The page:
Daily News from New York, New York on May 19, 1993 · 75
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Daily News from New York, New York · 75

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New York, New York
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Wednesday, May 19, 1993
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75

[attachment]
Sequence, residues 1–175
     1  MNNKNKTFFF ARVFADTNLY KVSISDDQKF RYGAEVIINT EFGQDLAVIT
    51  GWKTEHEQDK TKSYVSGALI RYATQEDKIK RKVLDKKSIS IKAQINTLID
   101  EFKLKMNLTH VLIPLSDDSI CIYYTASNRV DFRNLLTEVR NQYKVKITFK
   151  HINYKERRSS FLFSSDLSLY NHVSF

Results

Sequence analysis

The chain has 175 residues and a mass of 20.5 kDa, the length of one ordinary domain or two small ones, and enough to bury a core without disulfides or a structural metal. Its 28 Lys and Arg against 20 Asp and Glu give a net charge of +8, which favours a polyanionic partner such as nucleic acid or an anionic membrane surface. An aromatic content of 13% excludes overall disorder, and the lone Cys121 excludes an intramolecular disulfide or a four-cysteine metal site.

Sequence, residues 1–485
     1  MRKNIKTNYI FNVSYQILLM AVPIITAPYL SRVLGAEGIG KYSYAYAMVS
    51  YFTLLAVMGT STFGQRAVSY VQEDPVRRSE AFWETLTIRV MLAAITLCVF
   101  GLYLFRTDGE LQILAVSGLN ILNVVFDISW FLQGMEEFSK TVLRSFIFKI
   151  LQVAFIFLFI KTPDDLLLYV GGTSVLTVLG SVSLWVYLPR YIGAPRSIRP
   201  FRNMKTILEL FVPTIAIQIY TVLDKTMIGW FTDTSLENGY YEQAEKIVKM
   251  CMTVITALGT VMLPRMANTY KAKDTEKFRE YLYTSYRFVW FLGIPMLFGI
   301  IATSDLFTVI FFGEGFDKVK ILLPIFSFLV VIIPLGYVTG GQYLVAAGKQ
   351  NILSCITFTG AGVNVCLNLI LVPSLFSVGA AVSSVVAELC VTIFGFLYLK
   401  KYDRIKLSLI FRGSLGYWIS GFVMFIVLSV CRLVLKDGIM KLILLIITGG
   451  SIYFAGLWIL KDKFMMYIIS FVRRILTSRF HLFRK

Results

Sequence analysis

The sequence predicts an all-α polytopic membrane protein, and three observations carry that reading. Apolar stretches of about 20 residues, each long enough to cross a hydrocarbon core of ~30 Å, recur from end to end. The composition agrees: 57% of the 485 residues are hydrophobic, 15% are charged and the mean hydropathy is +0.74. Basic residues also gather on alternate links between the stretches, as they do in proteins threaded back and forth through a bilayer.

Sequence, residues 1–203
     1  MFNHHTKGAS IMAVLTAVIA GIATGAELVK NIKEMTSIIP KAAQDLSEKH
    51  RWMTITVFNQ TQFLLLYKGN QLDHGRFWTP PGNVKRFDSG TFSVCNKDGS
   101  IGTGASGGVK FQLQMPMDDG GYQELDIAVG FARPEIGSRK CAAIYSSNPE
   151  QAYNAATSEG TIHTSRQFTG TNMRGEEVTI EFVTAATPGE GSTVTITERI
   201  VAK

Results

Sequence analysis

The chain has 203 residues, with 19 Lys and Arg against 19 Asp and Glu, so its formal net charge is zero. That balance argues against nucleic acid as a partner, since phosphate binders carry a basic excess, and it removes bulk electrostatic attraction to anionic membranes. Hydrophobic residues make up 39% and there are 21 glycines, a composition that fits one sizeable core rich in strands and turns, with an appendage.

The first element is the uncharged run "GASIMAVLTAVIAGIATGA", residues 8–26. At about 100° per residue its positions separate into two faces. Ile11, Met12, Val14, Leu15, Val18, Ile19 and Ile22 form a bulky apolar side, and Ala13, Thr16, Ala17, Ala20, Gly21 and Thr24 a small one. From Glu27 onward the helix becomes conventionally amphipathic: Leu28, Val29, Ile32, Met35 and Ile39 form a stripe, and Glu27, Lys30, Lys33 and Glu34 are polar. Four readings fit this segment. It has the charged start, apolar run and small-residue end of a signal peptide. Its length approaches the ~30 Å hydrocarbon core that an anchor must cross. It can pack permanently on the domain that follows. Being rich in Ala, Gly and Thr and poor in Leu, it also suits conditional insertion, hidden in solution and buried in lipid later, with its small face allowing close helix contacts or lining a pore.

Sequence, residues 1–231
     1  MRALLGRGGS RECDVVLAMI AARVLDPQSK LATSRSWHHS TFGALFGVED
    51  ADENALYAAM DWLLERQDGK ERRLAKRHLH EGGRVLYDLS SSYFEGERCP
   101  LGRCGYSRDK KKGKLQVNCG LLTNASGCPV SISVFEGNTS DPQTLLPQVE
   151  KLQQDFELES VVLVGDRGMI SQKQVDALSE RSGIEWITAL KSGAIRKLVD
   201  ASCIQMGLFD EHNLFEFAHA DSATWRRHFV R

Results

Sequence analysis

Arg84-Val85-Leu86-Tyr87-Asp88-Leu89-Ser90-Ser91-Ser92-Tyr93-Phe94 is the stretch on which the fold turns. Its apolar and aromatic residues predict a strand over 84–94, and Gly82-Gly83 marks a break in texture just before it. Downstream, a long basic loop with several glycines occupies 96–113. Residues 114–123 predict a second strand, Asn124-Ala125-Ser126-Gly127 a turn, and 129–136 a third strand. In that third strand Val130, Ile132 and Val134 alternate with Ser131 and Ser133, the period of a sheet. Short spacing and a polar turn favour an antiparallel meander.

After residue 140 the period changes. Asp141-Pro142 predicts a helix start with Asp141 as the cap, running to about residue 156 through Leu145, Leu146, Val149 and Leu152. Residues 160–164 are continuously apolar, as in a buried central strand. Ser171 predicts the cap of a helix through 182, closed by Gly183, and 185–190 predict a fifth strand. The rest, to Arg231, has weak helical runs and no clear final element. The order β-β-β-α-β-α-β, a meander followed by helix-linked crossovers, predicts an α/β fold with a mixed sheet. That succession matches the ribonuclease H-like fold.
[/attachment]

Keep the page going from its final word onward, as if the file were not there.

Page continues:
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3j Ex 01 'Human' Bean Counter NBC President Robert C. Wright took some razzing from BUI Cosby (photo) yesterday. Making an " appearance before the net work's affiliates gathered in Orlando, Fla., Cosby jibed Wright about his financial background. (Wright worked with NBC parent General Electric before taking over the network.) "Bob Wright may have been a bean counter, but ladies and gentlemen, he's been taught," Cosby . said. "You're looking at a bean counter who's a human being." Cosby, one of the network's all-time big stars, h told the affiliates, "I'm in volved with this peacock, and I want to see this peacock 'fly again." Richard Huff A : Soap Stars Explain Health Care 'fcES News economics and business correspondent Robert Krulwich will try a new approach to explaining president Clinton's proposed health care plan on "CBS This Morning," next Monday-Wednesday. Krulwich, best known for using visual aids to explain technical financial stories, will have soap stars act out "My ,Turn to Live," a three-installment explanation of the plan. CBS will devote 10 minutes a day to the topic, and spromises cameos by other CBS News personnel. Cast-4ng for the coveted roles is taking place now. R.H. Something Old, Something New . . ,.-.voi. ... t ' "I 'S - $ U ;i Fox has renewed its hit If r ... V,' fc. J of Brisco County Jr.," a venture series. series "Married . . . With Children" for two years, making it the only program from the network's onginal schedule to continue. The show debuted, along with Fox, in 19S7, when the only nights programed were Saturday and Sunday. "Married" was Fox' second -highest rated series last season, behind the "The Simpsons." For the fall, Fox has picked up "My Girls," a sitcom starring rapper Queen Latifah (photo) about three women living together, and "The Adventures tongue-in-cheek Westemad-- R.H. Silver Screen in Nick's Future Twentieth Century Fox and cable's Nickelodeon announced yesterday they have entered into a two-year deal to develop and produce theatrical motion pictures. Said Nick president Geraldine Laybourne of the kiddie channel's first venture into theatrical film making: "American movie theaters today don't have enough to offer kids and their parents. Our mission is to create family movie-going experiences where kids will feel comfortable bnnging their parents." - Jeff Wei ngrad Coming Attractions The fall roster of stars for ABC's made-for-TV movie and miniseries includes Sissy Spacek, Victoria Principal, Mel Harris ("thirtysomething"), Craig T. Nelson ("Coach") and Donna Mi!ls ("Knots Landing"). Also on the schedule: three more "Columbo" flicks, and a Halloween special staring "Full House" twins Mary-Kate and Ashley Oisen. The miniseries will include "Heaven and Hell North and South, Book III," John Jakes' latest Civil War saga; "JFK: Reckless Youth" based on the book by Nigel Hamilton, and Stephen King's "The Stand." - R.H. Dot's All . . . Tonight's "Beverly Hills, 90210" season finale is the graduation episode, starting at 8 and running till 10. . . . WNBC sportscaster and WFAN radio commentator Len Berman discusses job opportunities in TV and radio sportscasting tonight at The Learning Annex, 7:30-9:30 p.m. Pre-registration required: (212-570-6500) . . . Lome Michaels, producer of SNL and the new late-night show starring Conan O'Brien, has sjgned a four-year deal with NBC. ', j '- R.H. radymaiiia': Insanely bad Special is actually among the worst of the bunch ' N MOST CASES, I'm a big champi on or the preservation, apprecia-, tion and analysis of popular TV pro- . grams. But there are exceptions, and "The Brady Bunch" which seems to resurface as often as Richard Nixon is one of them. The Nixon comparison is by no means a casual one. The original incarnation of "The Brady Bunch" was launched in 1969, the same year Nixon took office, and was canceled in 1974, the same year Nixon resigned. When the Bradys returned in 1977, as the stars of the comedy-variety series "The Brady Bunch Hour," Nixon came out of his self-imposed hibernation as well, and sat still for a series of nationally televised interviews with David Frost later that year. It's not especially surprising, therefore, that on the same week new audiotapes from Nixon's Watergate years are released for public consumption, a new ABC special built around old "Brady Bunch" tapes is released, too. Hosted by Florence Henderson, the one and only Carol Brady, tonight's one-hour special (8 p.m., Ch. 7) is called "Bradymania: A Very Brady Special," a title intended to evoke memories of the group's 1988 holiday telemovie, "A Very Brady Christmas." Never mind that "A Very Brady Christmas" stands, even to this day, as the worst telemovie ever made worse, even, than "Side By Side: The True Story of the Osmond Family" and "The Harlem Globetrotters on Gilli-gan's Island." What this special tries to do is sprinkle around the word "phenomenon at every opportunity, and show some of the ways in which, for whatever reasons, "The Brady Bunch" has lived on. If you call that living: It lives on as a trivia category on MTV's "Remote Control"; as a derisive lyric in a Will Smith rap song; as the Off-Broadway stage show re-creating old sitcom episodes verbatim, and as a series of skits on the current incarnation of NBC's "Saturday Night Live" wherein the impersonation of Jan Brady, in particular, is so bad that it becomes a "phenomenon" of its own. Call it "Talentless: The Next Generation." If there's any reason at all to watch "Brady-mania," written by Allen Rucker and directed by executive producer Malcolm Leo, it's to catch those garishly colorful excerpts from the "Brady" variety show. Not even the Care Bears sported that many shades of pastel. There's nothing in "Bradymania" that looks at HAPPY CAST: Members of the original ' way from 1969 to 1974. Brady Bunch" smiled their DAVID BIANCULU the original show and its cast even remotely objectively and, needless to say, there's no mention of Robert Reed's publicly hidden homosexuality or Henderson's on-the-set infatuation with one of her young co-stars. Although, come to think of it, Henderson does look at old clips of Barry Williams as Greg Brady and say, "He IS cute, isn't he?" Williams and the other surviving Brady actors are relegated to the final minutes of the special, when they're seen in interview clips that last about two sentences each. Henderson, as the key link in this chain of fools, provides all the narration, as well as what passes for introspection and what might be called retrospection. "You'd get laughed off TV today," she says straight-faced at one point, "if you made a whole show about sneaking a goat in your bedroom." (Ah, for the good old days.) Nostalgia doesn't seem to serve a point when the object of the presumed affection isn't worth remembering. This is driven home especially hard when the special contrasts old "Brady Bunch" scenes with similar plot points on "The Cosby Show," "Family Ties" and "Roseanne," all of which look infinitely superior by comparison. I realize that, to the generation after mine, "The Brady Bunch" fulfilled the same function as "Leave It to Beaver," just as "Full House" fulfills it now. But "Leave It to Beaver," unlike those shows, is genuinely funny. "The Brady Bunch" deserves not canonization, but extermination. II may vmh q Live at Fsue By RICHARD HUFF Da'ly News Staf Writer RLANDO, Fla. - "Live at Five," a daily interview-news program that was once a staple on WNBCCh. 4. may be making a comeback. Launched in the early '80s, the hour-long mix of entertainment and information rapidly became a dominant program in the marketplace, providing a much-needed evening outlet for celebrities and authors looking to pitch their latest works. But WNBC replaced the show with a traditional newscast a few years ago. Now, sources say, station programers are revisiting the "Live at Five" format and could incorporate a new fuy-length version of the show in the coining nioilthsA Others speculate -that I " 8 -J i -( C: Matt Lauer, co-anchor of the station's early-morning news program "Today in New York," will be elevated to the "Live" seat alongside Sue Simmons when the new format debuts. Bill Bolster, WNBC president and general manager, yesterday confirmed that the station was looking at the current 5 p.m. program, but said it was premature to commit to any format or launch date. Bolster, in town for the network's annual meeting, declined to discuss specifics. The decision to alter the format of its 5 p.m. news show may help WNBC loosen up an extremely tight ratings battle with WCBS'Ch. 2 for that time period. WABCCh. 7 dominates the time period, though WCBS and WNBC run neck-and-neck for second among the news shows. By changing the format VC,u,d,Jujreifans,of-the celebrity talk shows! i 1 1 r a Z m a. CO ( feu . , iji m m3 i are aasKn i m ft s 5 IS Kr a W Si Sti is 43 Si UtSiCS 2 IZ "ii .tj "Jv Li &t i-i 52 -